We can't see the goal!
Throughout summer it was cricket which inhabited this space, with a tiered concrete stadium on the north side. Now autumn is upon us (although no leaves are turning here) and the football season has begun. Matches are played as the heat falls out of the sun. They finish just before the great glowing orange ball immerses itself in the harbour and extinguishes its heat for another 12 hours. At around 4.00 every Wednesday and Friday evening I can almost track the highlights of the match from my house through the jubilant and derogatory noises of the crowd.
Just below my house there is a wall which holds the road to the edge of the valley. People sit and linger here and watch the football as they pass. Tonight I joined them to watch the game. There was the white team and the fluorescent yellow team. Most of the white team had dreadlocks and any time one of them touched the ball the crowd would cry 'go rasta go!'. They even addressed each other as rasta, 'here rasta", 'pass rasta'. It struck me that this was a trifle confusing and may account for the team of flying dreads being 3-1 down to the belisha beacons.
The pitch is still raw from the season of cricket, with a gaping brown scar down the middle where the crease had been. It is tended to, it seems, by grazing goats in the day and in the season becomes a place for sound systems and dancing after dark.
Young boys, seemingly oblivious to the match, played their own game as they kicked a ball around behind the sidelines. The crowd exploded with cheers and taunts every time the ball approached a goal. From our elevated seats on the whitewashed wall we could only tell when the white team had scored by the reaction of the crowd. A beautiful young 'dread' with Egyptian cheekbones had greeted me when I perched myself onto this exclusive viewing spot. Not with a word or a sound, just a nod. As the game progressed he ventured a bit further down the conversational field, the talk was preceded by the customary offering of a half smoked joint which he pulled out of his back pack and lit as if he had been saving it for this precise moment. He asked me where I was from and if I was enjoying the game. 'It's a nice spot' he said 'only problem, you can't see the goal for the mango tree. It doesn't matter tho' he said 'we like it'.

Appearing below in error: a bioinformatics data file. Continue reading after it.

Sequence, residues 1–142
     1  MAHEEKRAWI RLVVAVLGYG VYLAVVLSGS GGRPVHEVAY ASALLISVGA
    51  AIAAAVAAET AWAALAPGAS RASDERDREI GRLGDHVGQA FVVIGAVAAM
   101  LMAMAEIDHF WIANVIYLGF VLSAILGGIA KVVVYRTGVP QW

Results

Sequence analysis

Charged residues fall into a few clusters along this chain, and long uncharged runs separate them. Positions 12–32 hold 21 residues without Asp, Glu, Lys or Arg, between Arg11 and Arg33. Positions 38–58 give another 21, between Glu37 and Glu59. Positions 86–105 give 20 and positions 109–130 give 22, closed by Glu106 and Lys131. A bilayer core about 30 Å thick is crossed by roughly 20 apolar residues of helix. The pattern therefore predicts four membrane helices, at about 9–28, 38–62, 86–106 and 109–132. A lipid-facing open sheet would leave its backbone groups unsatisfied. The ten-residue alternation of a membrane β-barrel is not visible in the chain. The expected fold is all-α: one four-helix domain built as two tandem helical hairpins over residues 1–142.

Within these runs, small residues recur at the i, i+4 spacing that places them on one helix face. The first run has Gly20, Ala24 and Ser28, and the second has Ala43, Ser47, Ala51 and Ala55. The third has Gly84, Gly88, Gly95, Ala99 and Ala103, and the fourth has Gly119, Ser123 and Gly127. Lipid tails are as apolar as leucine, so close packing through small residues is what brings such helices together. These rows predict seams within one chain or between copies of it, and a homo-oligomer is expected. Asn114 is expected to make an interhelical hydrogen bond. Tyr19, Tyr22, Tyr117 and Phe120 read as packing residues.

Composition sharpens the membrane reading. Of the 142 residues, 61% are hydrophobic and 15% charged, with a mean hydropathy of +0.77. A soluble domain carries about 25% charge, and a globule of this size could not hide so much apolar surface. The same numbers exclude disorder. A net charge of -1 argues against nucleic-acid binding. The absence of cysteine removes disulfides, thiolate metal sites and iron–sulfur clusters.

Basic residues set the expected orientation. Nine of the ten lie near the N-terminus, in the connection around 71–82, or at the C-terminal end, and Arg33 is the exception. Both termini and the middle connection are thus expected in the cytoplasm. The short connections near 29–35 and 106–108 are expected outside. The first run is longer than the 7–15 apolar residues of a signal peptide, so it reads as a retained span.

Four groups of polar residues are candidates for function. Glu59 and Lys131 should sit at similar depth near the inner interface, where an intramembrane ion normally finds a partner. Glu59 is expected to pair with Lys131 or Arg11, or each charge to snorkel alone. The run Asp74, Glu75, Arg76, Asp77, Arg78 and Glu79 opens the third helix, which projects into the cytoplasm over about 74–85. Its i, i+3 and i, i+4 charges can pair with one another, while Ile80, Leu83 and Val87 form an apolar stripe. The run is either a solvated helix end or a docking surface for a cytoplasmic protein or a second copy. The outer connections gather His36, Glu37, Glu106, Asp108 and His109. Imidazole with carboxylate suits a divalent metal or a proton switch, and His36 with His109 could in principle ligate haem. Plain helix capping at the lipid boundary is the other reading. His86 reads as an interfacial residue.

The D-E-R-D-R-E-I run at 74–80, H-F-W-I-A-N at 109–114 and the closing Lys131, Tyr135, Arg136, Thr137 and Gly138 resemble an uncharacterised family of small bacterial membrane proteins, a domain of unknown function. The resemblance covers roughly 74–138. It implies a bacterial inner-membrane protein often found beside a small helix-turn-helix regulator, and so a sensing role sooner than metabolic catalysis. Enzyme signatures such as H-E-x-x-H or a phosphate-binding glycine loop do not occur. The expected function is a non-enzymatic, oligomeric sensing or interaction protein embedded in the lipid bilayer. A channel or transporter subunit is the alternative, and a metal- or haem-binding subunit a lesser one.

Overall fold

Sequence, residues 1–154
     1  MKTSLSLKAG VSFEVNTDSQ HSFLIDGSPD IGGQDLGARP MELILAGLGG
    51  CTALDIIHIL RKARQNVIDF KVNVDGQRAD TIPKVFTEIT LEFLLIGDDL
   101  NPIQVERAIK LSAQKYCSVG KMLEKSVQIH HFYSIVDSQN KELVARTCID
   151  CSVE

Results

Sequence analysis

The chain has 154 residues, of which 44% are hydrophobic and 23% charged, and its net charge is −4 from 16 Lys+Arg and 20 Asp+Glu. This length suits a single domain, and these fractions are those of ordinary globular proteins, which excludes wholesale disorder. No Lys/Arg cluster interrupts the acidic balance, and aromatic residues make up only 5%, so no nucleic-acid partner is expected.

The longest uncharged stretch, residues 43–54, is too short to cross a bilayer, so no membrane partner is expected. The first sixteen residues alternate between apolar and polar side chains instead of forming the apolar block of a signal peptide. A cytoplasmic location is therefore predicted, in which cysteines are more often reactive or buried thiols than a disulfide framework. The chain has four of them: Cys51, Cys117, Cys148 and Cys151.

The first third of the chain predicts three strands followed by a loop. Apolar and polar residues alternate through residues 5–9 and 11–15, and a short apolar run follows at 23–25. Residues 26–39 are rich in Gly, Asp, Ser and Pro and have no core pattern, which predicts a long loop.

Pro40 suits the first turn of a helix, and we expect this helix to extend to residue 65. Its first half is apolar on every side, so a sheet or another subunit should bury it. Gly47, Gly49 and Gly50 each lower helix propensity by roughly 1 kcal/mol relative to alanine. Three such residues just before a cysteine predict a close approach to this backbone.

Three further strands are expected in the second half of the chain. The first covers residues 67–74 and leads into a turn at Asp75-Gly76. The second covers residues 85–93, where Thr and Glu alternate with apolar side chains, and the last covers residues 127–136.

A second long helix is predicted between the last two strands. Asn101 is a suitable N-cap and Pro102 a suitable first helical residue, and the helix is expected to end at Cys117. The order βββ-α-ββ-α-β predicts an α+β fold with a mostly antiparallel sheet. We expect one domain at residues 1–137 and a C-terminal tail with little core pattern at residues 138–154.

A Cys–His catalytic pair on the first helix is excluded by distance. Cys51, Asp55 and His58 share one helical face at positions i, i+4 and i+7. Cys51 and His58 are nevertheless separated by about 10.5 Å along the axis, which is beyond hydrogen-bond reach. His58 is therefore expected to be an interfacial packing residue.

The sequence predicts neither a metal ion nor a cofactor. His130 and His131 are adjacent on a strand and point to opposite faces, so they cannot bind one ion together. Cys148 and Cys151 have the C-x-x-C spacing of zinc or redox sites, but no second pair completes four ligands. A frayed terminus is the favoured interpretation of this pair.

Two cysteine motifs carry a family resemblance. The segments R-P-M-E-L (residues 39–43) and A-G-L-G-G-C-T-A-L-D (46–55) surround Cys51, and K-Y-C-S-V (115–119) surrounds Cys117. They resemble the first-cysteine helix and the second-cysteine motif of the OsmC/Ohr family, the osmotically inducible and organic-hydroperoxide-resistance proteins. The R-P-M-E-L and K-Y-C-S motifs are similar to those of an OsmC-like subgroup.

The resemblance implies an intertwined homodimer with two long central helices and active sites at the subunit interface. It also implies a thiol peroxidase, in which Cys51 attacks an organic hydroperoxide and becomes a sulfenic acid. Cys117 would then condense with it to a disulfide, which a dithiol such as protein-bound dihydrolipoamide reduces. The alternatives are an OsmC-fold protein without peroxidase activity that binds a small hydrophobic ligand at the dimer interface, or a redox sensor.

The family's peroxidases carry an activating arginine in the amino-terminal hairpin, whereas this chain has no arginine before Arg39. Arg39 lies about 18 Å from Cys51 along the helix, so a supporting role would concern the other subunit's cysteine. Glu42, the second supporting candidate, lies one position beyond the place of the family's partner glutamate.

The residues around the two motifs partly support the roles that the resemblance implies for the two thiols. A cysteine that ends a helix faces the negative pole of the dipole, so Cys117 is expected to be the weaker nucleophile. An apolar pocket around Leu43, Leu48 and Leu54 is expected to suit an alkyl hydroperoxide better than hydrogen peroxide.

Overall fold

I liked it too, high up above the pitch, looking out to sea as the sun was setting. Watching the vibrant colour washing itself out of the island as the evening haze marched in. Taking in the game which seemed to have drawn every inhabitant of the town to participate in the accompanying vocal chorus I emptied my mind, smiled again at the beautiful cheekbones and felt a deep seated sense of being part of this place. I didn't mind either that we couldn't see the goal.
Last night I met Egyptian cheekbones man in the street. He hailed me from the darkness and greeted me with the handshake of a clenched fist; knuckles touching knuckles. He introduced himself as, wait for it, 'Specialist Ninja Man'. Not just any Ninja man then, a specialist one to boot!